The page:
The recent conference did not address the MACBA crisis because, as Marí told Hyperallergic in an email, “it was agreed that the issue of freedom and expression in museums should be addressed in one entire session, not directly as a ‘MACBA case’ but in a more general approach in order for the discussion to represent many more cases that unfortunately happen in the world.” Nevertheless, debate sparked by the MACBA case has emerged online, from conversations on e-flux to articles on L’Internationale Online, a discussion platform for L’Internationale, a network of European museums established by Esche in 2010. L’Internationale as an organization issued a statement in March supporting Marí’s decision to re-open the exhibition and to resign; most recently, Doujak last week provided context to her contentious sculpture in an article titled “The Noise of Silence or ¿Por qué no te callas? (Why don’t you shut up?)”:
This censorship constituted a denial of the history which the work explores: the continuum of colonialism from the past to the present, specifically that of Spain in Latin America, and the involvement of Nazis in the sub-continent’s era of dictatorships …
In the sculpture, the alive and the dead are not separated in different roles but desperately nested into each other so that the moments of overlap and encounters cannot be neatly confined. The border between the present and history, between objects and bodies, between the three bodies are blurred, and what we might see is not several parts but one.
Esche told Hyperallergic that the three museum directors believe CIMAM may now restore its credibility only if Marí steps down as president and if it dedicates itself to the goals laid out by its past leaders.
“Given the actual censorship carried out by the president, we do not believe he has the credibility necessary to defend this position on behalf of the CIMAM members,” Esche wrote via email. “His continuation in office undermines the vital and important work carried out by his predecessors Zdenka Badovinac and Manuel Borja-Villel.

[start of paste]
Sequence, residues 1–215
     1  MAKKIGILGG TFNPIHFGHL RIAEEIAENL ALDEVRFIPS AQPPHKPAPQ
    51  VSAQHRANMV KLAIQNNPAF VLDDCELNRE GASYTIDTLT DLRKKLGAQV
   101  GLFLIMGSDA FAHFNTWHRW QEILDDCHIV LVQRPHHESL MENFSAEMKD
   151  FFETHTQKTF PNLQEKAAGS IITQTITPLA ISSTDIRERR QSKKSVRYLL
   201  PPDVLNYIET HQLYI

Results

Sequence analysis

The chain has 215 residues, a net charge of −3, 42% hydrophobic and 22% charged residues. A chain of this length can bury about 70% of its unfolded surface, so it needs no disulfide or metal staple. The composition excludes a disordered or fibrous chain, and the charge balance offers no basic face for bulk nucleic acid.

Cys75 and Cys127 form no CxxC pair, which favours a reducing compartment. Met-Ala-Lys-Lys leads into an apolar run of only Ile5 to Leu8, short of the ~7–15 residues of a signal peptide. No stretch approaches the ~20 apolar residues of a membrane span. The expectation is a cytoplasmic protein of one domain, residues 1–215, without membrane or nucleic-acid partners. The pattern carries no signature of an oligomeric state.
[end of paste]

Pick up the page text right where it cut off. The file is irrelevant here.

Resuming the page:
“With a new president dedicated to the primary goals as set out by Badovinac and Borja-Villel, we believe CIMAM will rapidly restore its credibility in the museum field.”
Dressler and Christ also issued a statement on Monday supporting what they called (translated from German) an “act of solidarity and the clear positioning against censorship.
“We hope that this act helps to redeem March’s alleged disloyalty to the institution by the dismissed former curators of MACBA, Valentin Roma and Paul B. Preciado,” the pair wrote in a Facebook post. Württembergischen Kunstvereins Stuttgart currently hosts the group exhibition, which has a new title: Die Bestie und ist der Souverän (The Beast
and is the Sovereign).
When reached for comment, CIMAM sent Hyperallergic the following statement published on its website this morning:
1. When the events at MACBA took place, the board of CIMAM asked Bartomeu Mari to give a response, which he circulated to all of the Board members. At a skype meeting on April 8th, it was agreed that he should remain as President. It was also agreed that a session on the challenges of freedom of expression and institutional responsibilities should be included in the conference. The note of this skype meeting was distributed to all of the Board members.
2. At the following Board meeting in Venice in May, the content of the conference was discussed. It was agreed that day one should be devoted to the topic of Museums as sites of debate, with a key note speaker and four perspectives from different parts of the world. (the overall theme being how global can museums be). Following the Board meeting, the proposed list of speakers was circulated to all of the Board members. A number of Board members gave further input.
3. A week before the conference, two Board members sent a note to the Board criticising the content of the conference and circulating a letter about the MACBA events attacking the President.
4. Board members did not agree that the content should be changed at this late stage.
5. A skype meeting was held just before the conference to ascertain why these board members were only now raising concerns about the content of the conference and the position of the President. Those Board members requested the resignation of the President and when this was not forthcoming, they chose to resign.
Below, Karroum, Kortun, and Esche’s full statement of resignation:
We believe that art museums engaged with contemporary issues should be sites for the free exchange of ideas, where legal debate about and dissension from government policy or majority social opinion are allowed and encouraged. Museums are one of the key places where new ideas and possibilities can enter society. That’s why they are often under threat. We believe CIMAM’s main task today is to defend as much as is possible this space for debate and to set ethical standards of behaviour towards artists, curators and the public.
The recent course of events at MACBA and within the board at CIMAM have led us to doubt whether our current president can defend those values credibly. We therefore feel we have no option but to resign from the board as we no longer have confidence in how it represents the interests of CIMAM members. We will remain members and we do hope that CIMAM can restore its credibility in the near future through new leadership. We wish the board well in setting its future course.
Artistic Director of L’appartement 22, Rabat
Director of Mathaf: Arab Museum of Modern Art, Doha.
Director of Research & Programs at SALT, Istanbul.
Director Van Abbemuseum, Eindhoven
Editorial Director, Afterall Publishing, London